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PostPosted: Sat Nov 14, 2009 2:04 pm 
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Joined: Sat Nov 14, 2009 2:22 am
Posts: 1
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I am wanting to get started with bamboo. There is soooo many varieties. I'm over whelmed. I need help.


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PostPosted: Sun Nov 15, 2009 3:13 am 
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Joined: Fri Feb 20, 2009 3:23 am
Posts: 86
Depends on what characteristics you prefer. I like timber types, the larger the better.

I'm due west of Ft. Smith about 85 miles and Ft. Smith is about 40 miles farther south than Tulsa. Lots of folks here are more knowledgeable than me but for timber types i think all of the larger "temperate" varieties will do well there.

I have Japanese Timber Bamboo (common name Madake) that's about 18 - 20 years old and 4 - 5 inch culms. Moso should do well here and i have year old ones set out. I have one year old Vivax Aureocaulis looking well and that's all i have plans for but there are dozens of others that will do great here.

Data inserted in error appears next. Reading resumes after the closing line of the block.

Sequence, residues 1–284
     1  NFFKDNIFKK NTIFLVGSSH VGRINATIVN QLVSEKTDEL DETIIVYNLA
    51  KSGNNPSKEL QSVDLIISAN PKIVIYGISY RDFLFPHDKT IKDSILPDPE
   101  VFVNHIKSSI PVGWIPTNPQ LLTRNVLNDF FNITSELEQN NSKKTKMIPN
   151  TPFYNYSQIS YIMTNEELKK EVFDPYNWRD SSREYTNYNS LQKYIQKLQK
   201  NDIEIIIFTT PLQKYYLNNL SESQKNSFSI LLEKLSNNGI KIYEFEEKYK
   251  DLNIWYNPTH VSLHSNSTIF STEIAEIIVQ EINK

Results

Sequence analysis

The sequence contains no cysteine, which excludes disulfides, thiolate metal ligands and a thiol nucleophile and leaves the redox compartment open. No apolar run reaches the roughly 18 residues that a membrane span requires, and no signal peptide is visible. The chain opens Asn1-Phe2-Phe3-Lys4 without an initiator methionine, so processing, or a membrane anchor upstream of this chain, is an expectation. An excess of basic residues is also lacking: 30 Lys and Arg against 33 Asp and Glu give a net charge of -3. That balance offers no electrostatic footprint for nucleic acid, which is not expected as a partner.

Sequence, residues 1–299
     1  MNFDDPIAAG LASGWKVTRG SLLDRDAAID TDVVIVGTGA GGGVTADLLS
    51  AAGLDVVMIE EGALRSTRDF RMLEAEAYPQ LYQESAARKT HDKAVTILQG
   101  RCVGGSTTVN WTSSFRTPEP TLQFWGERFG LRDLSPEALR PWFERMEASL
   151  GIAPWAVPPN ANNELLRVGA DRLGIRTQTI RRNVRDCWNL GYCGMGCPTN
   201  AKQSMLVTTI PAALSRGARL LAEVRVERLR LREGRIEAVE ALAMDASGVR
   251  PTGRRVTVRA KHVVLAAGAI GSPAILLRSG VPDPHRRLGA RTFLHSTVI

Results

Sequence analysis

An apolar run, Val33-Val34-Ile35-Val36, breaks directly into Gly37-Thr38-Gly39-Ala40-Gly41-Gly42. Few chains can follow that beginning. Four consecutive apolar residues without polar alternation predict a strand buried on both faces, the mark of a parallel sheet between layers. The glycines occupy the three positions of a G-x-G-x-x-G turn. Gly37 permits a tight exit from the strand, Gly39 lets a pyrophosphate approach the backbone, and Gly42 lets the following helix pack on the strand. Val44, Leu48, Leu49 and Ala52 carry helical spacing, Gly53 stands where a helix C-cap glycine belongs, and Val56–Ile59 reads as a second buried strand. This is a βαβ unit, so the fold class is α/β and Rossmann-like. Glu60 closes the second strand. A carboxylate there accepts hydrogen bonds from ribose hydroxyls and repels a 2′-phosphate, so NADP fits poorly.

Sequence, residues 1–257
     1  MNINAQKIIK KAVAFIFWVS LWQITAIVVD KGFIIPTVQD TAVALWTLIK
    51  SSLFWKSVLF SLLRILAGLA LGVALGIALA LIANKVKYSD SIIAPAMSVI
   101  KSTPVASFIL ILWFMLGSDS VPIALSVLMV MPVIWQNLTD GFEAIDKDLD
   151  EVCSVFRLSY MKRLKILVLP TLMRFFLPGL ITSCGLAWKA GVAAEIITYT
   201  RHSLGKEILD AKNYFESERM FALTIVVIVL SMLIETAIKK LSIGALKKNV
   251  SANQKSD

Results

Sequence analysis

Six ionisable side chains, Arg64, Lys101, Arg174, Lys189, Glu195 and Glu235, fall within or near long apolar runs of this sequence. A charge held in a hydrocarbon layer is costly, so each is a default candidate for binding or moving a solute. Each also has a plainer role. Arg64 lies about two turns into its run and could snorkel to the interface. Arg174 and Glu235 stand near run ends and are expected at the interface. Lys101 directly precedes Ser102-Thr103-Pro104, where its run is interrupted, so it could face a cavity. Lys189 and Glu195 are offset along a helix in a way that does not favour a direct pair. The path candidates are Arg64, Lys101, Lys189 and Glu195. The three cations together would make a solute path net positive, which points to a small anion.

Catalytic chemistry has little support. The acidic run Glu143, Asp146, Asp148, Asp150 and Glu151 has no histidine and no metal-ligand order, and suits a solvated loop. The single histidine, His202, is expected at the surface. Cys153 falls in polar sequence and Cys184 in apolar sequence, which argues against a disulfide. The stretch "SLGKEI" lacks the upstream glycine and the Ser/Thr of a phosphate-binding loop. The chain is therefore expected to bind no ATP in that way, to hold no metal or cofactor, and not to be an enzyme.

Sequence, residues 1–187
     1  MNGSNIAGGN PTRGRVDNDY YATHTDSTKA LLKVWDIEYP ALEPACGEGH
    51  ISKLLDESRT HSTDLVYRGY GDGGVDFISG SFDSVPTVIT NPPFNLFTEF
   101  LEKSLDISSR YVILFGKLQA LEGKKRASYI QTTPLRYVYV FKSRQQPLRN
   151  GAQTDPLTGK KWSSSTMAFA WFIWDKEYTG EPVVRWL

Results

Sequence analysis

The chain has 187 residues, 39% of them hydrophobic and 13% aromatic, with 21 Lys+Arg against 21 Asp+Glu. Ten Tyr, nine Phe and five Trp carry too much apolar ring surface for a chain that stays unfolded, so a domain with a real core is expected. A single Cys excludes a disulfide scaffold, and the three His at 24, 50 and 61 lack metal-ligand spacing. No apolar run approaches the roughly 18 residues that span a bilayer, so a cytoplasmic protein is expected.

A guy on this forum from Little Rock has an impressive stand of Henon Bamboo and that should do well for you too. Maybe some Sooners will chime in with local experience.


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PostPosted: Sun Nov 15, 2009 12:54 pm 
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Joined: Wed Apr 01, 2009 1:58 am
Posts: 159
Location: Sheridan, Arkansas
Welcome to the forum. Great place to learn about bamboo.

ph. nigra 'henon' should do well for you. I know where they are a grove of it in Little Rock that is pushing between 4 to 5 inch clums.
Phy. auresosulcata [yellow groove] also does well. There is a grove of it not far from my house, that is over two acres with clums over 2 inchs.

phy. aurea also does well here.
I am trying several different ones now but just got them this year.
Jerry

_________________
Redneck Bamboo Plantation
Sheridan, Arkansas


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PostPosted: Sun Nov 15, 2009 4:39 pm 
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Joined: Fri Aug 07, 2009 11:56 pm
Posts: 236
Location: Dallas, Texas (zone 8)
P. dulcis, glauca, viridis, makinoi, mannii, rubromarginata, the nigras, and S. fatuosa should handle the heat and cold in OK, but I am a novice as well.

Regards,
Mackel in DFW


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